Thursday, June 13, 2013

Un Musée & Un Manifestation

Friday after classes turned out to be a really great afternoon! We all met up after class (around 1pm) to visit the museum that is part of the Notre Dame cathedral (in Grenoble, not Paris [a lot of things in France tend to have the same names as other more famous places]). The museum was really really interesting. They have a decently sized collection of artifacts dating all the way back to the Paleolithic period (think cavemen). I wanna say a lot of the artifacts were actually found in Grenoble/the area, but that may be completely incorrect (I never claimed to be an expert).
Look! An ancient bear skull!

Many of the artifacts were tools, bowls, etc - all the everyday things that somehow got left in the dirt and preserved for thousands of years. There were also several really awesome dioramas depicting Paleolithic and Neolithic life, as well as Roman life. We think the artists must have gotten bored with the Romans because we found a little guy in one wearing a modern day button-down green tourist shirt and khaki shorts! And they thought no one would ever notice.
Diorama of either Paleolithic or Neolithic life during winter 
I used to be able to tell you what period of art
this came from based on the style of the hair and eyes...
but apparently I forgot everything from Art History.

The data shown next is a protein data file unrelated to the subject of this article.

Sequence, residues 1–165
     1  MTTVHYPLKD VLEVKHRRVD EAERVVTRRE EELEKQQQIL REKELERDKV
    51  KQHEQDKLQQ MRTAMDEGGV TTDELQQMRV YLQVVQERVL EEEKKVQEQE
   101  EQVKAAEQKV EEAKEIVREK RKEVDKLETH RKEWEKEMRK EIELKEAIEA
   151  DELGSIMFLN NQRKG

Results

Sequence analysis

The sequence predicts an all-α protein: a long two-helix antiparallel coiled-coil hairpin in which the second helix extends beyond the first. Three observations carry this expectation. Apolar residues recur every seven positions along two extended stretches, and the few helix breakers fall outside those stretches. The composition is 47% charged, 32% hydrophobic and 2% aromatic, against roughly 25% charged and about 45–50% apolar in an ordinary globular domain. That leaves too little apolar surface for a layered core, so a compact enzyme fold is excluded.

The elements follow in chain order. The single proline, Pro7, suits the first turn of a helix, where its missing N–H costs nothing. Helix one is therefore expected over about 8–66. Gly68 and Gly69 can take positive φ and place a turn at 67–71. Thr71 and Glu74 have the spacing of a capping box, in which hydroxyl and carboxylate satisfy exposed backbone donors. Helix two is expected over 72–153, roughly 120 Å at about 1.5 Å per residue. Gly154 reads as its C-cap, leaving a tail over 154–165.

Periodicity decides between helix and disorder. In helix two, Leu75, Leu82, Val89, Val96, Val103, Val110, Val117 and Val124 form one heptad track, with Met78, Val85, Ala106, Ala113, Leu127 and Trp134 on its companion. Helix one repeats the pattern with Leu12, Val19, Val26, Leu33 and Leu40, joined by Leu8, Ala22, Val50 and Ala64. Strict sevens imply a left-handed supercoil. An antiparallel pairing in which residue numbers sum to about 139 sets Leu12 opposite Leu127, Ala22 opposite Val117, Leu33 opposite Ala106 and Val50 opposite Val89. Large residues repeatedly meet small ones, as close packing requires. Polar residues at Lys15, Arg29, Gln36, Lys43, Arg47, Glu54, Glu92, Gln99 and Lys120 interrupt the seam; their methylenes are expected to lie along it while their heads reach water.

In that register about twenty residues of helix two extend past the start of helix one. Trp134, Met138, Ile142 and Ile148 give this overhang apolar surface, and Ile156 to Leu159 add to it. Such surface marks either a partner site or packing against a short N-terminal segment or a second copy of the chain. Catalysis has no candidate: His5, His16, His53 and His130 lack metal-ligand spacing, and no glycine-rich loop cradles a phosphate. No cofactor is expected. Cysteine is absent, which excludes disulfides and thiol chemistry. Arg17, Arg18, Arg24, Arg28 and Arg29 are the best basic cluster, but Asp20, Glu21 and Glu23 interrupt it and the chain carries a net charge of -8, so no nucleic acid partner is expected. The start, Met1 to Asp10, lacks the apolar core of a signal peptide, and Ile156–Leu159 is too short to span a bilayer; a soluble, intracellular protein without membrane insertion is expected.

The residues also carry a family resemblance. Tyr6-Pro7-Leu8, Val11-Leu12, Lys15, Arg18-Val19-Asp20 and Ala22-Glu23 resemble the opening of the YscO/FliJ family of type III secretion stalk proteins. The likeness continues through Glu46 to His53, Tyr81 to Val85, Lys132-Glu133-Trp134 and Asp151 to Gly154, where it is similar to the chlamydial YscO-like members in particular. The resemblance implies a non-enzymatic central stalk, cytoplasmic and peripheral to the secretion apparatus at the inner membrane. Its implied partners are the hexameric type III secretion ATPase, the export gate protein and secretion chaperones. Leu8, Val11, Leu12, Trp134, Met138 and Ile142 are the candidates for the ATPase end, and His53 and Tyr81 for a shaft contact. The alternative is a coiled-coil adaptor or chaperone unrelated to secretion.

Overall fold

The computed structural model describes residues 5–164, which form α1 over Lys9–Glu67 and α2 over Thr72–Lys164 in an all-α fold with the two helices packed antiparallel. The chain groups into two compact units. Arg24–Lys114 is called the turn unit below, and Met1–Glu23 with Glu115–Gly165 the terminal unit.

Fun fact: Berlioz, the composer, was born in Grenoble!

Robert Doisneau's camera
 There was also a special exhibit going on, showcasing the famous photographer Robert Doisneau, responsible for capturing this famous snapshot of a couple in Paris (it was recently revealed that it was staged, not candid as many thought for decades). He was famous for "photoshopping" his photos before photoshop was even a real thing - he would meticulously cut out parts of his photos (usually people) and then paste them onto a different photo to create a whole new image - it was nearly impossible to tell that the photos had been cut-and-pasted (quite literally), because he was so perfect in cutting them out. He was also famous for taking pictures of skiing, many of which he took right here in Grenoble. His photos are all of life, just as it happens, and nearly all of his subjects are people, which I really enjoyed. We weren't supposed to take pictures in his exhibit, but I didn't know that at first so I was able to snag a few shots before our director told me to stop...ha.
Original prints of Robert Doisneau
The best part of this museum for me, though, was the last bit, underground. As I've said before, Grenoble was once a Roman city (around the 3rd century AD), and under the church are remains of Roman walls and the foundation of an ancient baptistry, as well as some really beautiful Catholic relics. It was the prefect balance of spooky and reverent down there; you could simply feel the history oozing from every surface. Those walls were 1800 years old! I can't even fully comprehend how long that is. To be able to see so much "living" history so often here is so incredible, cause you just can't get that in the States.
Nate displaying the lovely 1800-yr-old Roman wall